When people are traumatized as children they may either push the memory of the trauma out of conscious thought, or they may minimize the impact of the events they survived. In fact, the reality that they survived the traumatic events is often used as the basis for dismissing the fear, shame and anger they still carry. “It wasn’t so bad, I got through it okay, other people have gone through worse and are fine.”
The dismissing of the trauma or its impact is another way of describing how we push away the wounded part of ourselves. Anything less than this defensiveness leaves us feeling vulnerable and exposed. Thus, to invite the wounded part of us out of hiding is to invite vulnerability, exposure and pain. An impossible task. Except for one thing. This part of us is starving for love. So, often, to our surprise, in the context of being loved and valued in therapy or in a support group or friendship, this part of us makes herself or himself known. The first “appearances” will be brief and will be met with attacks from the judgmental self. But if love and valuing are constant, this part of us will slowly come out of hiding so that we can hear and see the reality of the woundedness we carry.
Awareness of the observing, compassionate self. Finally, we need to develop an awareness of our observing, compassionate self. The problem is, of course, that early in recovery we may not have much of an observing, compassionate self at all. And we may not be aware of how weak this part of us is.
The observing part of us may be underdeveloped because we have spent a lifetime avoiding, denying and minimizing any painful truths about ourselves. We may have developed permanent defenses against really knowing ourselves. These defenses could include any of a number of dynamics, from being emotionally and spiritually numb, to striving to prove how good or capable we are, to working to control everything around us, to losing ourselves in addictions. In a sense, these defenses are driven by our disowned wounded self, and are held in place by the judgmental self who is desperate to maintain distance from the pain we carry.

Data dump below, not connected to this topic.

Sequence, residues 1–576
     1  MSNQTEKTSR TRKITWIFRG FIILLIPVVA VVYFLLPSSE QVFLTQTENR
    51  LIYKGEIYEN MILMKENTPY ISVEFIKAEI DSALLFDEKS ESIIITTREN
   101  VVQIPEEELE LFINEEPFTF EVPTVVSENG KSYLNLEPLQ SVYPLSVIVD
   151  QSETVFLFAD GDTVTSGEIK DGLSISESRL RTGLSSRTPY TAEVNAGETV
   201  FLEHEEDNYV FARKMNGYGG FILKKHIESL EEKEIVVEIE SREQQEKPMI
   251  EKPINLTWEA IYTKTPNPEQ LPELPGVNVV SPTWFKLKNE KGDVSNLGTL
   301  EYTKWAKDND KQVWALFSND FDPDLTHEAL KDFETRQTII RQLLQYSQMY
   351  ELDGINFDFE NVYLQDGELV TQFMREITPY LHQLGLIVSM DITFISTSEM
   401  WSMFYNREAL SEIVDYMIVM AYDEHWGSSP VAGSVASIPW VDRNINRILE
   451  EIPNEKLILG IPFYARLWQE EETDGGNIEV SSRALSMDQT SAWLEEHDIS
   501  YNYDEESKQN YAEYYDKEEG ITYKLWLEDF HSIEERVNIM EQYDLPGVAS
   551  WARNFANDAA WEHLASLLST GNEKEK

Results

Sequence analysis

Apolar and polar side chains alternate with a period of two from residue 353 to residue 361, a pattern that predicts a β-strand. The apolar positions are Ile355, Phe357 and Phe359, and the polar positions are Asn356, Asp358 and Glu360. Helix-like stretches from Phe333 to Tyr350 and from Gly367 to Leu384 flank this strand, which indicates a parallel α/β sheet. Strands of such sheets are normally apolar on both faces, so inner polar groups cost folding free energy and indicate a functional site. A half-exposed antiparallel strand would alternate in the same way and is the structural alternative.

How do we develop awareness? How do we develop a deeper, growing awareness of our wounded self, our judgmental self and our compassionate self? It seems there are two primary things that we need in order to do this. We need to seek the loving help of God and of at least one other person. And we need to begin to pay attention in new ways.
One activity I found helpful was to intentionally set aside some time on a regular basis to prayerfully listen to what was going on inside me. I would often begin by inviting God’s loving Spirit to provide the guidance, courage, humility and grace I needed. And I would invite God to simply show me whatever I needed to see. Then I would wait quietly. After a few minutes of quiet, I would journal whatever came to me in this time of quiet, whether it was a painful memory or a sense of God’s presence or complete silence. I would also try to stay alert to whatever else might come to me throughout the day. I would journal about whatever I sensed I was being shown, even when it was painful to do so.
It can also be helpful to regularly give voice to our judmental self, our wounded self and our compassionate self. We can do this by quietly observing, and writing down, what we sense is going on with each of these parts of us. The value of such an exercise is that we begin to clarify internal dynamics and develop a greater sense of choice about what goes on inside. When we give voice to the judgmental self, we begin to hear how harsh we can be with ourselves and others, and where this harshness can lead us. When we give voice to our wounded self, we begin to finally allow this part of ourselves, which has had very little voice, to speak so that this part of us begins to be heard and seen in new ways. And as we give voice to the compassionate part of ourselves, we begin to strengthen a part of ourselves that has been virtually nonexistent.
As we develop a growing awareness of each of these internal states, we do well to develop a growing awareness also of the dynamics betweeen these three parts of ourselves. We might ask ourselves from time to time some of the following questions.
What happens when the judge is in charge? What happens to our wounded self? What happens to our compassionate self? And what happens to our behaviors and choices–how we treat ourselves and how we treat others–when the judge is in charge?
What happens when the wounded self is in charge? What happens to the judging part of ourselves or to the compassionate part of ourselves? What happens to our behavior and our choices?
What happens when the observing, compassionate self is in charge? What happens when our wounded self feels heard and loved by this part of ourselves? What happens when the judge is also heard and loved by this part of ourselves? What happens to our internal world? What happens to our external world of behaviors and interactions with others?